Absolute Zero, 23 October 1999
The Boathouse, San Francisco, USA

By Gary Hodges


Thanks to Aymeric for the continued efforts in keeping followers of this music informed. Through this list, and this list only, I found out about the concert last Saturday by Pip Pyle, Aislinn Quinn and Enrique Jardines, a.k.a. Absolute Zero.

I was skeptical, I admit, that the concert would take place - there was no publicity that I could discern - though I did send a copy of WR#140 to a radio programmer at KPFA, pushing to get the word out on a calendar of events on Sunday nights of new music. It wasn't mentioned there, but may have been some other time on the beleaguered station's air during the week.

Nevertheless, I called several times Saturday to the Boathouse, on Lake Merced in SF, only to have several staff members not know who was playing, or whether there was music happening in the evening at this "sports-bar". One worker was nice enough to give me good directions on how to get there so I risked the long drive, really expecting it not to happen. To my amazement, not only did the performance take place, but the opening act was TRAP, a splinter group from the progressive/classical US group Cartoon. Gary Parra on drums, with a keyboardist Warren Gale or Dale(?) who doubled on saxophone/clarinet/bass clarinet, and guitarist/mandolinist Chris Miller or Smith (sorry I'm butchering names here).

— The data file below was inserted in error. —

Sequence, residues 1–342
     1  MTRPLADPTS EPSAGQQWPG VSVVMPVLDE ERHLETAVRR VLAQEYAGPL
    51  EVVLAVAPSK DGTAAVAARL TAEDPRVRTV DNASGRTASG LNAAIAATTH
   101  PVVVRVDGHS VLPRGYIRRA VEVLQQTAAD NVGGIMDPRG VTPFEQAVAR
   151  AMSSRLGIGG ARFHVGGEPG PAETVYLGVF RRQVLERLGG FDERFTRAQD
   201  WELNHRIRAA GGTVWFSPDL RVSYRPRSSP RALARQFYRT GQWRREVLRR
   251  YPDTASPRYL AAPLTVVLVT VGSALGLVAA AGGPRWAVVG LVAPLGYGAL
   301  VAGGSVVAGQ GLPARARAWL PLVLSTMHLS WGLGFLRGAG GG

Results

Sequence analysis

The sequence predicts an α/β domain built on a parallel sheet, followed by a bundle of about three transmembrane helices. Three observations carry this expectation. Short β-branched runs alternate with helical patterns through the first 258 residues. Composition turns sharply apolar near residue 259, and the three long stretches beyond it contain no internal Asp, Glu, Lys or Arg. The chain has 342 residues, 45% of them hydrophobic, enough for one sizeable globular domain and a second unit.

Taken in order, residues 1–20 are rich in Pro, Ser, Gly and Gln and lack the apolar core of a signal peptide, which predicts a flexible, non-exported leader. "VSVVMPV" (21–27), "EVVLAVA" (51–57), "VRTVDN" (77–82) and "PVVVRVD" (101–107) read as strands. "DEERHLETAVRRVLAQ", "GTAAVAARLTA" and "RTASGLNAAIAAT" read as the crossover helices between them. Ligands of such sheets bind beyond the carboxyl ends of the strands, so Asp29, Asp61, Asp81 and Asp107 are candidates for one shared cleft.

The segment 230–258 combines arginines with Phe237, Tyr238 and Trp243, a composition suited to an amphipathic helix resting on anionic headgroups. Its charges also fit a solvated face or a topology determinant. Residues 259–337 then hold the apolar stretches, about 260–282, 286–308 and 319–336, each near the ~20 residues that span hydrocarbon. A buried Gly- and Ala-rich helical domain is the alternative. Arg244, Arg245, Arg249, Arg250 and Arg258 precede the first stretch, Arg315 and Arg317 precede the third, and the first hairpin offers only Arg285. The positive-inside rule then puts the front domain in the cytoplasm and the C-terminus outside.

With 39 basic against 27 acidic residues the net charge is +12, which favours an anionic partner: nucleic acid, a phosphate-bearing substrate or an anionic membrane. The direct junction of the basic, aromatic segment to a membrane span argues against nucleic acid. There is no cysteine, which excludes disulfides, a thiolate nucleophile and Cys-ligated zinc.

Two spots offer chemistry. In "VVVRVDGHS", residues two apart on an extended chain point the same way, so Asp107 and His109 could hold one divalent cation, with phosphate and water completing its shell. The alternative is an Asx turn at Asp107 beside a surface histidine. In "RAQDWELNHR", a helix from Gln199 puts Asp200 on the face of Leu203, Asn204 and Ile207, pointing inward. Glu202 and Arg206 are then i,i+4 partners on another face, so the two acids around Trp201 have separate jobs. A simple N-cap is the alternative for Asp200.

They played a great set, including new originals, a medley of Cartoon compositions, an amazing klezmer hora(?) that started with acoustic instruments (Chris on mandolin, Parra on accordian, Warren on clarinet) and evolved into an electric klezmer piece (with the musicians switching to elec. guitar, drums and keyboards)- truly frenzied. They ended their set with a nice rendition of Frank Zappa's "Peaches en Regalia". Only about 20 people at most were there at that point, including members of the band's family -understandable with the lack of promotion.

TRAP and Absolute Zero had spent several days together in California, with Pip, Aislinn and Enrique taking a side trip into Mexico - for some sort of Tijuana tequila adventure where Aislinn had broken her foot (I believe I heard something about a donkey ride, but I could've been dreaming). She soldiered thru their set of music, playing keyboards, flute, samples with her crutches alongside her. Their set was a blistering barrage of sound; Pip Pyle's drumming was infinitely more muscular and driving than I ever would've imagined. I sort of pictured him as a vertical drummer approaching the kit from above with precise patterns, but it was rather more grounded from below (and maybe within) with a style that seemed to integrate him with the kit - more organic perhaps. Very impressive playing, with an amazing energy level - he basically never stopped.